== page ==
I would like to thank Litfuse Group and Tyndale House Publishers for the opportunity to read Rule of Law by Randy Singer. I was under no obligation to give a favorable review.

 

Crisis Shot by Janice Cantore – If you like mysteries and police novels, give it a try.

I had previously read a novel by Janice Cantore and was looking forward to her new book Crisis Shot.

The story starts out with Long Beach Police Commander, Tess O’Rourke answering an emergency call where a fellow officer is imminent danger.  How Tess responds, right or wrong, will affect her future.  The story could be taken out today’s headline news, where every action a police officer takes is scrutinized and condemned, even when there is little merit to critic’s narrative.

When the fallout from Tess’ action doesn’t seem to be winding down, she decides to make a move to a small town in Oregon, with the hope of being able to resume the career she loves in law enforcement.  It a huge change in her life.  As Chief of Police in the small town of Rogue’s Hallow, she will be answering to the mayor and city council.  It might be a small town but even there, evil is at work.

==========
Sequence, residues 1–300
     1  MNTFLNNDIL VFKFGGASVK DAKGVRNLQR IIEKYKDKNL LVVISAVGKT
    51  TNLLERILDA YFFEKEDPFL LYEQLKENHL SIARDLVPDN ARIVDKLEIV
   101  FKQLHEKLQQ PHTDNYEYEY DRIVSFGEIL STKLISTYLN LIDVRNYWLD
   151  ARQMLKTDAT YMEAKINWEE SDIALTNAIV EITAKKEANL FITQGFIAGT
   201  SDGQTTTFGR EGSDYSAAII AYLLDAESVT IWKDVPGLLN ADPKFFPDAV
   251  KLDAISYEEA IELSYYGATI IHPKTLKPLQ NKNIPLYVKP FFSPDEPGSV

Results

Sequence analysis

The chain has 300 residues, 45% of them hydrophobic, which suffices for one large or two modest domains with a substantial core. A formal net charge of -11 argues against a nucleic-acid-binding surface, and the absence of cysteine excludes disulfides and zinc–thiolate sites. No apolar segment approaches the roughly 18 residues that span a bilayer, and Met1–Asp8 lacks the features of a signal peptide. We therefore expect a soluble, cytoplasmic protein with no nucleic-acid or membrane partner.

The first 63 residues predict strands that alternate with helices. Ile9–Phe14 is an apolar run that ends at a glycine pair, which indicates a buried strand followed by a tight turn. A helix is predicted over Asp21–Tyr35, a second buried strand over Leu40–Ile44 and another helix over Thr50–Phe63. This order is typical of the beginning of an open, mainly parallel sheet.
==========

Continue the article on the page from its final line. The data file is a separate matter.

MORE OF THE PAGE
I sort of liked the main character Tess, but didn’t feel like I got to know her well or really care about her like I wanted to.  There was a bit of a disconnect.  At first, I struggled with how Tess continually compared police work and what people were like in the small town compared where she had spent most of her life, in Long Beach, CA.  Then I realized if I had made such a drastic change in my life, I would likely be reflecting back on where I came from and what it was like back then.  The reader will get an understanding of how police work in a big city differs from a small town.  I liked how the relationships with fellow police officers changed as they worked with their new Police Chief.